Helen Newberry Residence
- Construction completed in 1915
- Architects: Kahn and Wilby, Detroit
- Contractor: C.H. Christman and Co.
- Cost of the original building: $75,000
- Remodelled, 1934
- Net floor space: 22,487 sq. ft.
In 1913, the children of Helen H. Newberry donated $75,000 for the construction of a residence hall in memory of their mother. At first, the residence belonged to the Student Christian Association, with the stipulation that the university would build and administer the property. In 1915, the Association deeded the property to the university on the condition that any profit above operating expenses would be paid to the association, for continuation of its work with women students. At the same time, the regents donated a small strip of university land, on which part of the Newberry Residence now resides. In 1924, the university purchased full ownership of the residence and all income from it, for a price of $25,000.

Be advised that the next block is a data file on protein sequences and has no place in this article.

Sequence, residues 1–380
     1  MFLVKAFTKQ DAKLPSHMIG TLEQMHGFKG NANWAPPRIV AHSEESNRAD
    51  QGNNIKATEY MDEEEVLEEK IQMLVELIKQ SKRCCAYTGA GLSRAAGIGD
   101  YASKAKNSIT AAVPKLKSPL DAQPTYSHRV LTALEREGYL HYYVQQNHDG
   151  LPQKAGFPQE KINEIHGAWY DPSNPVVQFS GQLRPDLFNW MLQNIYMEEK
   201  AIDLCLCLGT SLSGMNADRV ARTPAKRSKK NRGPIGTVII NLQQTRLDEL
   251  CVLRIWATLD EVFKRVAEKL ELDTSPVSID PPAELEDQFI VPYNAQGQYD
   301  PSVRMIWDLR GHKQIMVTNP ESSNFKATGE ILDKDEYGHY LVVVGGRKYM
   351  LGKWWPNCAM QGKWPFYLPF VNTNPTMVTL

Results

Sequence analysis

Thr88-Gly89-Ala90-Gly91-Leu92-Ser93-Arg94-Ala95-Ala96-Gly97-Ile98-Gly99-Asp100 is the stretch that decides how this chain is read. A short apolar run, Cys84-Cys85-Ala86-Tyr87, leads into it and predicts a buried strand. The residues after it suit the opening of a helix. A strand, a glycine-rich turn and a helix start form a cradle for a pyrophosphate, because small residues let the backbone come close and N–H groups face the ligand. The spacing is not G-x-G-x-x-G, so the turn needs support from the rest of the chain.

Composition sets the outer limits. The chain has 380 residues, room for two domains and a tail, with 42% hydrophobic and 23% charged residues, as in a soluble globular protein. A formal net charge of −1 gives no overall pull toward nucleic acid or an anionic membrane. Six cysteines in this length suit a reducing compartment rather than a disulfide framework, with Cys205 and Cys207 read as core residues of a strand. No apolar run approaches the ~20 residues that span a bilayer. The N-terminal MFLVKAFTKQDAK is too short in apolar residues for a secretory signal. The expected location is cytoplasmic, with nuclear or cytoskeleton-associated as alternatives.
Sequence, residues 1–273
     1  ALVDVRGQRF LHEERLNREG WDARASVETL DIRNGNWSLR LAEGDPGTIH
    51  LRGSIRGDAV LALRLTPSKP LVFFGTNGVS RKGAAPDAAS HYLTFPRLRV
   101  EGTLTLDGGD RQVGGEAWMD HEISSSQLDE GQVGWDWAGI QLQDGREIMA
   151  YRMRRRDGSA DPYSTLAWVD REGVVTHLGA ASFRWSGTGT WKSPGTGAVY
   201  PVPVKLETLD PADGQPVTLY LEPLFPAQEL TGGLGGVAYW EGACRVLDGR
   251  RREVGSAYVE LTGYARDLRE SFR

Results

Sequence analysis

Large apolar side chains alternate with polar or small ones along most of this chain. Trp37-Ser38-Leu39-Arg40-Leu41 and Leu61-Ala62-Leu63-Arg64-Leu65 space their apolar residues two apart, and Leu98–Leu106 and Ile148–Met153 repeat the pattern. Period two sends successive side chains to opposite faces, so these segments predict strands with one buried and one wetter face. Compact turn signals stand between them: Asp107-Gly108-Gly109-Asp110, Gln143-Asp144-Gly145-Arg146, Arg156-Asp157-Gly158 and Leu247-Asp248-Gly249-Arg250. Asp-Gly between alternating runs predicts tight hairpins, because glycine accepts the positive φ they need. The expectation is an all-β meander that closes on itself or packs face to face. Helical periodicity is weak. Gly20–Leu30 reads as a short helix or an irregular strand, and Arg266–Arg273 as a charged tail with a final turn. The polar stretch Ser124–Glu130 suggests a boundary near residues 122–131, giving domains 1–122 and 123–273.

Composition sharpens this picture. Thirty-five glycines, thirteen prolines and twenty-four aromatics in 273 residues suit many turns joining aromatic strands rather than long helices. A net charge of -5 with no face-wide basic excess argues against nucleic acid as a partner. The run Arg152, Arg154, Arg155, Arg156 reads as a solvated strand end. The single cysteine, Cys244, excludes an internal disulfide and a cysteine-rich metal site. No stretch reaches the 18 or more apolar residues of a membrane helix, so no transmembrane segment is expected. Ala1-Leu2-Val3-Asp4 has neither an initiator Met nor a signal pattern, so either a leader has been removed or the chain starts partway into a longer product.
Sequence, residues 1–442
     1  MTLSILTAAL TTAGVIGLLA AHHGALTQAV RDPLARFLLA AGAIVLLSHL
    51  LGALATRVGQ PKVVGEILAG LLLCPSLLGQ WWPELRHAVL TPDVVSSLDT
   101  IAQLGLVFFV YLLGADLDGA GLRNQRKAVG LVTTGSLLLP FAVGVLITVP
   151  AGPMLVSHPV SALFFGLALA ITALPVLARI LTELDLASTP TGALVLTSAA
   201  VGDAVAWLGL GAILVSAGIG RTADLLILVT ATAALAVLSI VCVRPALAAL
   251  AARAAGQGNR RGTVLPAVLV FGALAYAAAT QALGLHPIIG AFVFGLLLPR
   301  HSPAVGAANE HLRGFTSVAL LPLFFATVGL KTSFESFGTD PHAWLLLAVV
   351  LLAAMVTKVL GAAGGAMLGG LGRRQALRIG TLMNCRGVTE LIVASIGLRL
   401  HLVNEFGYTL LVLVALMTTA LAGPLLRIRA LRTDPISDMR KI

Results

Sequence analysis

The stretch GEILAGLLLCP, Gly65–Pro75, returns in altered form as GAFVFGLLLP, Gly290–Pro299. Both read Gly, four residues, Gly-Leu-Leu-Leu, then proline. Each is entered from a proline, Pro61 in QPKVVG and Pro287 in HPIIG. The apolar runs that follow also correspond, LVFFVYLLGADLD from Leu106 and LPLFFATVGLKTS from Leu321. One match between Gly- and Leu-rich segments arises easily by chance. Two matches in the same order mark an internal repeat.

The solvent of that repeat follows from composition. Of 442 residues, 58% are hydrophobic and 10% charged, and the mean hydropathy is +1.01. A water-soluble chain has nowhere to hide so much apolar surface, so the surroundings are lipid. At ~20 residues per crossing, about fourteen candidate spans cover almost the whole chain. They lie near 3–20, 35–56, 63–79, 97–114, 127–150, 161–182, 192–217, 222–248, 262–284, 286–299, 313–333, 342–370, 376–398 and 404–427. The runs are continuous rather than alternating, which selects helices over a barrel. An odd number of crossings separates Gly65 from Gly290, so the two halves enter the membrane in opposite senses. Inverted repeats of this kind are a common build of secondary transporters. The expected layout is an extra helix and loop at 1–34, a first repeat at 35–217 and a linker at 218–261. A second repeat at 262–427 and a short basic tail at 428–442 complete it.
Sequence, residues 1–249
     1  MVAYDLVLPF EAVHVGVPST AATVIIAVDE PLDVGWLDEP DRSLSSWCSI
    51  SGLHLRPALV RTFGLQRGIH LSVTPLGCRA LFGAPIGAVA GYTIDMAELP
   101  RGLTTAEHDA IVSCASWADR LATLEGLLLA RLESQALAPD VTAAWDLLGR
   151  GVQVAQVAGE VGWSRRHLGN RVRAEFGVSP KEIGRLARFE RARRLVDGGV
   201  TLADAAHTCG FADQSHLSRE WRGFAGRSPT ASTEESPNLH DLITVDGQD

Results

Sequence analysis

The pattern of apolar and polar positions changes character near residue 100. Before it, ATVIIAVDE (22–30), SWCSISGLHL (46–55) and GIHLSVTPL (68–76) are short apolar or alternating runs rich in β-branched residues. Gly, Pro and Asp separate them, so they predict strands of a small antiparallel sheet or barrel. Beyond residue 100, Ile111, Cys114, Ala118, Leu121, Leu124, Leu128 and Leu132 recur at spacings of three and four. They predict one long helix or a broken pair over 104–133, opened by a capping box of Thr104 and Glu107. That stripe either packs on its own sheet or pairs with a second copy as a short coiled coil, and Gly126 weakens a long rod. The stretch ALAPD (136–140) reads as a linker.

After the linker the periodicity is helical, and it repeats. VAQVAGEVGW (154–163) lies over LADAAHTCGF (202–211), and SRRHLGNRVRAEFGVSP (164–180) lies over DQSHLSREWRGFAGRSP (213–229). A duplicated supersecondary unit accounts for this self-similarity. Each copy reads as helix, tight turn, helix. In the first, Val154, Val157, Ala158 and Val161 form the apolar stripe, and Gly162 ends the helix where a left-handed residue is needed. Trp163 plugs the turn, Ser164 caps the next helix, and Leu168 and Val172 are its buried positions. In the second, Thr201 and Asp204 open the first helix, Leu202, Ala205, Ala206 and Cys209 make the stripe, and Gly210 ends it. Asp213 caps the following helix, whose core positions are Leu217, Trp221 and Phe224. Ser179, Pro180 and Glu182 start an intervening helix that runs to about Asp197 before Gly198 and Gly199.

The Newberry Residence looks out over a wide lawn onto State Street and Angell Hall. The original building site is situated in the block surrounded by North State, Jefferson, East William and Maynard Streets. The residence site also touches the northwest corner of the lot on which Newberry Hall (now the Kelsey Museum) is located. Kahn and Wilby of Detroit built the residence for a cost of $75,000. It has four floors and a basement. Originally the ca. 75 private rooms housed ca. seventy to eighty-five female students. By 1954, after several rooms had been remodelled, the number of residents had risen to 118. The first floor originally contained the dining hall, a lounge and a reception area. After remodeling in 1934, the same area contained a sun porch, rooms for the building director, a dining area and kitchen. The exterior and bearing walls were built with brick. The floors were constructed with concrete and tile, overlaid with wood.
Sources: The University of Michigan: An Encyclopedic Survey; Walter A. Donnelly, Wilfred B. Shaw, and Ruth W. Gjelsness, editors; Ann Arbor : University of Michigan Press, 1958